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Classification. Taxonomy Science of grouping organisms according to their presumed natural relationships Artificial May change with new evidence.

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Presentation on theme: "Classification. Taxonomy Science of grouping organisms according to their presumed natural relationships Artificial May change with new evidence."— Presentation transcript:

1 Classification


3 Taxonomy Science of grouping organisms according to their presumed natural relationships Artificial May change with new evidence

4 History of Classification

5 Aristotle Greek Philosopher 350 BC Either Plants or Animals

6 Animals where they lived Land Dwellers Water Dwellers Air Dwellers


8 Plants based on stem differences Herbs Shrubs Trees

9 18 th Century New discovered organisms didn’t fit Used Latin Descriptions - Cumbersome

10 Common Names Everyday name given to organisms –D–Don’t describe accurately –S–Same name for two organisms –M–May have more than one common name

11 Carolus Linneaus Swedish Naturalist – 1707 -1778 Grouped organisms into a hierarchy Developed system called Binomial Nomenclature



14 Linneaus’ Hierarchy Kingdom Phylum Class Order Family Genus Species


16 Binomial Nomenclature Means “two names” Uses Genus and Species Also called Scientific Name

17 Rules for Scientific Names Describes organism, its range, or honors another scientist Name is always Latinized Genus – capitalized; Species – Lower Case Always italicized or underlined


19 Levels of Classification with Human Taxonomy Kingdom – Animalia Phylum – Chordata Class – Mammalia Order – Primates Family – Hominidae Genus – Homo “Man” Species – Sapiens “Wise One”

20 The Taxonomist’s Subgroups Subspecies – morphologically different; geographically separated Variety – morphologically different; not geographically separated Strain – biochemically dissimilar group in a species; microorganisms


22 Domains Bacteria – Kingdom Eubacteria Archea – Kingdom Archaebacteria Eukarya – Kingdoms Protista, Fungi, Plantae, and Animalia



25 Evidence used in Classification Comparative Morphology (Anatomy) Embryological Evidence Genetic Similarities Biochemical Comparisons Physiological Studies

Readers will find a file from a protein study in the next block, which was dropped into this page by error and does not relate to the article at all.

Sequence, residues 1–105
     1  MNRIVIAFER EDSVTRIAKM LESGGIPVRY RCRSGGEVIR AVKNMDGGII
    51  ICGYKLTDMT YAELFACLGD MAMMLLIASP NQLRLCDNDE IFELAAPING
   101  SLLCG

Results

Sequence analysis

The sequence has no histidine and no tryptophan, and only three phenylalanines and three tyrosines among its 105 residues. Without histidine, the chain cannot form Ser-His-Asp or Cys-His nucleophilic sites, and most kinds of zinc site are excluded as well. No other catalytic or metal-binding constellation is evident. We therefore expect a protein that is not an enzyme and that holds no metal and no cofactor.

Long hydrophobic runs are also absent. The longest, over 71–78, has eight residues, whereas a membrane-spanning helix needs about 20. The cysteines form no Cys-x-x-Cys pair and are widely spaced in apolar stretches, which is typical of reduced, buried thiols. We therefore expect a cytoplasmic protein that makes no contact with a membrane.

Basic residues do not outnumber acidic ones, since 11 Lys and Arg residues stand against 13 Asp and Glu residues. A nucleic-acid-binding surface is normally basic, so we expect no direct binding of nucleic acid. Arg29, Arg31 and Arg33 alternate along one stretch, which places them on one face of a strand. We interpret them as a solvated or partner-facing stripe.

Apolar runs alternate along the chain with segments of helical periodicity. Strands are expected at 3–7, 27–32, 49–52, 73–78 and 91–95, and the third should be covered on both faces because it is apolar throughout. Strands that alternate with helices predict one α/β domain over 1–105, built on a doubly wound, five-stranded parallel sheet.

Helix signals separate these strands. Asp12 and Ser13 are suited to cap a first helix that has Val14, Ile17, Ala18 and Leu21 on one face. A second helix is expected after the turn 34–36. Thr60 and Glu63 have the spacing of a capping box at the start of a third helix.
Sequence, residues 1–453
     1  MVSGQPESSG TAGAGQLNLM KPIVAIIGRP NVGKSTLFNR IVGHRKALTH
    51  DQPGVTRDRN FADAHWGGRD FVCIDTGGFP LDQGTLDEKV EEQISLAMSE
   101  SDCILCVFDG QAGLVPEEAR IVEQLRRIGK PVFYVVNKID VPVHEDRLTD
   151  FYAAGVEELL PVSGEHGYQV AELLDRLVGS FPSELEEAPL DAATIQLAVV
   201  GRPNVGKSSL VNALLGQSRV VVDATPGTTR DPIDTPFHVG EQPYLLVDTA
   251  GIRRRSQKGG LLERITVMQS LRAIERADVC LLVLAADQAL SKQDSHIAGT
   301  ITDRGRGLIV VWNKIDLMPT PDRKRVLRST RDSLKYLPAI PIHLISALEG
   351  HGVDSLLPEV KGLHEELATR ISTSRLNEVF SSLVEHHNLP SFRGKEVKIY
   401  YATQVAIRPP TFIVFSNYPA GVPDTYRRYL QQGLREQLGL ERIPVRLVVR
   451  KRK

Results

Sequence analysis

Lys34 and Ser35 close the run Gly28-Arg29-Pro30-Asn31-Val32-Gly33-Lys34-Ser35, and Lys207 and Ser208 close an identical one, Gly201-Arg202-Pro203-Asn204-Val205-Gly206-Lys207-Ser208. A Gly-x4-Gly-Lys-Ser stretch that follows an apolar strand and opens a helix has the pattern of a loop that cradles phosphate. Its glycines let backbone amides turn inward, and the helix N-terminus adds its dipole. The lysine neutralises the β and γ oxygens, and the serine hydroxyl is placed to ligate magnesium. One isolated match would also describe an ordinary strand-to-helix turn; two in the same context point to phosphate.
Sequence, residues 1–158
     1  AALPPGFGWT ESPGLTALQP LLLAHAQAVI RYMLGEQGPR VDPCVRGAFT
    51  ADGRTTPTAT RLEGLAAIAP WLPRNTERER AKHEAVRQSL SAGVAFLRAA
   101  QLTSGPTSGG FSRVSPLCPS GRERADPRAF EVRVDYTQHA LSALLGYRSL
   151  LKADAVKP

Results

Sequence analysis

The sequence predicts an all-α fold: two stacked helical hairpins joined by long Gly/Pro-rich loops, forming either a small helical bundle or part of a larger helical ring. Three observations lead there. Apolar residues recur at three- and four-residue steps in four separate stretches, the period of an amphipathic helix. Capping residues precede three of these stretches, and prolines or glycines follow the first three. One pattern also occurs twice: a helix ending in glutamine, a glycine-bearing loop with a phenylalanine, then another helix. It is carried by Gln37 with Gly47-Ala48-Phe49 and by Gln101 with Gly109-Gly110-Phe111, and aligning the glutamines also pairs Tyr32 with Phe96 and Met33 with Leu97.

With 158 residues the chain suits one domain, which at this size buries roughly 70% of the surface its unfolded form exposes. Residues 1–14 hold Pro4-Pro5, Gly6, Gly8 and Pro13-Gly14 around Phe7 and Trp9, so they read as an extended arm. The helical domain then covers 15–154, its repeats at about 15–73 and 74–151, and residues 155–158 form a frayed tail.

26 Comparative Morphology Based on physical features Looks at structural similarities May or may not be completely accurate Identification often uses a Dichotomous Key – Set of written choices leading to organism’s name – Branches; selections become more specific

27 Embryological Evidence Usually used for upper categories – Phylum, Class, etc. Looks at origin of body organs Homologous Organs – common origin, similar function – bat’s wing, human’s arm Analogous Organs – Different origin, similar function – insect’s wing vs bird’s wing

28 Genetic Similarities Looks at DNA sequences – related species have more similarities Comparison of Karyotypes – picture of organism’s chromosomes Chromosome counts Chromosome shapes

29 Biochemical Comparisons Comparisons of amino acid sequences in common proteins in different species More similarities indicate closer relationship

30 Physiological Studies Useful in Bacterial Classification Looks at what chemical bacteria may use as food May look the same but have different physiologies

31 Phylogeny Evolutionary history of a species Uses evidence of probable evolutionary relationships Phylogenetic Tree (Cladogram) – model of inferred evolution

32 Phylogenetic Tree Species at branch ends – most recently evolved organisms Main Branches and Trunk – organisms which gave rise to more recent organisms Close branches imply close evolutionary history


34 Biosystematics Study of reproductive compatibility and gene flow Reproductive compatibility used to infer evolutionary relationship Studies speciation – evolution of one species into two new species

35 Kingdom Classifications Two Kingdoms Plants Animals Three Kingdoms Plants Animals Protists

36 Kingdom Classifications Four Kingdoms Plants Animals Protists Monera Five Kingdoms Plants Animals Protists Monera Fungi

37 Kingdom Classifications Six Kingdoms Plants Animals Protists Fungi Eubacteria Archaebacteria

38 Criteria for Defining Kingdoms Cell Structure – Prokaryote or Eukaryote Number of Cells – Unicellular or Multicellular Nutrition – Autotrophs or Heterotrophs Reproduction – Asexual or Sexual

39 Kingdom Characteristics Archaebacteria Prokaryotic Unicellular – Cell Walls without peptidoglycan Autotrophs and Heterotrophs Asexual/Sexual Live in extreme environments Eubacteria Prokaryotic Unicellular – Cell Walls with peptidoglycan Autotrophs and Heterotrophs Asexual/Sexual Typical Bacteria


41 Kingdom Characteristics Protista Eukaryotic Unicellular some Multicellular Autotrophs and Heterotrophs Asexual/Sexual Aquatic or Moist Habitats Fungi Eukaryotic Multicellular some Unicellular Heterotrophic by Absorption Sexual/Asexual Mostly terrestrial, some aquatic



44 Kingdom Characteristics Plantae Eukaryotic Multicellular Autotrophic Sexual/Asexual Aquatic and terrestrial Usually remain in one place Animalia Eukaryotic Multicellular Heterotrophic by ingestion Sexual/Asexual (lower species) Aquatic and terrestrial Most move about




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